# JEE Main & Advanced Chemistry GOC Constitutional or structural isomerism

Constitutional or structural isomerism

Category : JEE Main & Advanced

(1) Chain, nuclear or skeleton isomerism : This type of isomerism arises due to the difference in the nature of the carbon chain (i.e., straight or branched) which forms the nucleus of the molecule.

Examples :

(i) C4H10  $\underset{n-\text{Butane}}{\mathop{C{{H}_{3}}-C{{H}_{2}}-C{{H}_{2}}-C{{H}_{3}}}}\,$,$\underset{\text{Isobutane}}{\mathop{C{{H}_{3}}-\underset{C{{H}_{3}}}{\mathop{\underset{|\,\,\,\,\,\,\,}{\mathop{CH}}\,}}\,-C{{H}_{3}}}}\,$

(ii) C5H12 : (Three) $\underset{n-\text{Pentane}}{\mathop{C{{H}_{3}}-C{{H}_{2}}-C{{H}_{2}}-C{{H}_{2}}-C{{H}_{3}}}}\,$,

$\underset{\text{Isopentane}}{\mathop{C{{H}_{3}}-\underset{C{{H}_{3}}}{\mathop{\underset{|\,}{\mathop{C}}\,H}}\,-C{{H}_{2}}-C{{H}_{3}}}}\,$, $\underset{\text{Neopentane}}{\mathop{C{{H}_{3}}\underset{C{{H}_{3}}\ \ \ \ \ }{\mathop{\overset{C{{H}_{3}}\ \ }{\mathop{\underset{\ \ |}{\mathop{\overset{\ \ \ |}{\mathop{-C}}\,}}\,-C{{H}_{3}}}}\,}}\,}}\,$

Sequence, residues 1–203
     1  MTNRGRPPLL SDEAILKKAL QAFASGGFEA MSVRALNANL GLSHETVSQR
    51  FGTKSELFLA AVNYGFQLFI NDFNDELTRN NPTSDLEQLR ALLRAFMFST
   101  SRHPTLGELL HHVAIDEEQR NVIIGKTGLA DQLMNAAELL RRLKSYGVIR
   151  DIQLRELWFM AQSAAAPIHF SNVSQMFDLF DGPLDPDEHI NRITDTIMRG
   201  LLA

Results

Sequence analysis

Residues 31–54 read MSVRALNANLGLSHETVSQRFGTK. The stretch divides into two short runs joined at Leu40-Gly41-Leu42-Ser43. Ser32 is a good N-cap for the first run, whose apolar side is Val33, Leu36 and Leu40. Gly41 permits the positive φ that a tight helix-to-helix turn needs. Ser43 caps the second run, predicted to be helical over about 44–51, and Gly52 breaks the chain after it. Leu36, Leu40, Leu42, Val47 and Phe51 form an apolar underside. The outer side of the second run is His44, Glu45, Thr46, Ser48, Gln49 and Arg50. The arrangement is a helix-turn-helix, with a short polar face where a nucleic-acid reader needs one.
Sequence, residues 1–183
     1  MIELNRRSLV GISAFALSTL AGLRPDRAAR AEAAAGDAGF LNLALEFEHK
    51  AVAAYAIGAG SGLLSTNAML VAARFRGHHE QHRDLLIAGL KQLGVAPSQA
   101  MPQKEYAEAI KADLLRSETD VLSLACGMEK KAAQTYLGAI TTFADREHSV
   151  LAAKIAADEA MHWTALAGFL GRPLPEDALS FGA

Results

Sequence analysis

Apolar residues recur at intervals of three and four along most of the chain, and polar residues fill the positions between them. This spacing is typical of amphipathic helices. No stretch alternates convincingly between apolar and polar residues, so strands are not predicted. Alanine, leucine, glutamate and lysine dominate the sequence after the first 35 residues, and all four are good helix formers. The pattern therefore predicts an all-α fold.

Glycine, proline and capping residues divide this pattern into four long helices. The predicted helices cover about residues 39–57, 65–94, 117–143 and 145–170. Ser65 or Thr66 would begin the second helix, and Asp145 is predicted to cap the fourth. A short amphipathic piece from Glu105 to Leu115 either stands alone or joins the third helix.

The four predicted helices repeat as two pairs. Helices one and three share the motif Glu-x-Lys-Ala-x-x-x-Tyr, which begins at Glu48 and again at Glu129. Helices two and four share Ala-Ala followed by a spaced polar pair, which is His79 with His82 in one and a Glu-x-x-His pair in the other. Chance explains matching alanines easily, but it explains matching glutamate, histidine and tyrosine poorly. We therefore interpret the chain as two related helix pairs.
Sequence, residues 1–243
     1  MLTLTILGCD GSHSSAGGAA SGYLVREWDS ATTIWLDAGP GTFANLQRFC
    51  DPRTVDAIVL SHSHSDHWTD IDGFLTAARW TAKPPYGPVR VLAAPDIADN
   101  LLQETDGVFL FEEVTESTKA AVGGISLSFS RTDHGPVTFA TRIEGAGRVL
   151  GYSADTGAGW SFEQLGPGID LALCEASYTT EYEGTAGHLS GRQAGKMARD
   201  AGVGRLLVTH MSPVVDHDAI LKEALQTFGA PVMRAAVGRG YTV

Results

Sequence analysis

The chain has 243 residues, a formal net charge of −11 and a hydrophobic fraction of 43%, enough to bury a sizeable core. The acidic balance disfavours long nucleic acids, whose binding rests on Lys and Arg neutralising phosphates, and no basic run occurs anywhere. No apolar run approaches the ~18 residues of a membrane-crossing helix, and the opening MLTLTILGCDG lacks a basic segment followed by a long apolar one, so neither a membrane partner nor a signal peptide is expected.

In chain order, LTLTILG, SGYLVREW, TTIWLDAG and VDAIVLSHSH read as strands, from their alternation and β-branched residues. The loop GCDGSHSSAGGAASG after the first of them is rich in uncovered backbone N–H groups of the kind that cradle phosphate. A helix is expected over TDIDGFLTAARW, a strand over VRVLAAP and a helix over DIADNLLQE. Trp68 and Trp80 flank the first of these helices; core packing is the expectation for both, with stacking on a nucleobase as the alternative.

• Except alkynes chain isomerism is observed when the number of carbon atoms is four or more than four.
• Chain isomers differ in the nature of carbon chain, i.e., in the length of carbon chain.
• The isomers showing chain isomerism belong to the same homologous series, i.e., functional group, class of the compound (Cyclic or open) remains unchanged.
• Chain and position isomerism cannot be possible together between two isomeric compounds. If two compounds are chain isomers then these two will not be positional isomers.

(2) Position isomerism : It is due to the difference in the position of the substiuent atom or group or an unsaturated linkage in the same carbon chain.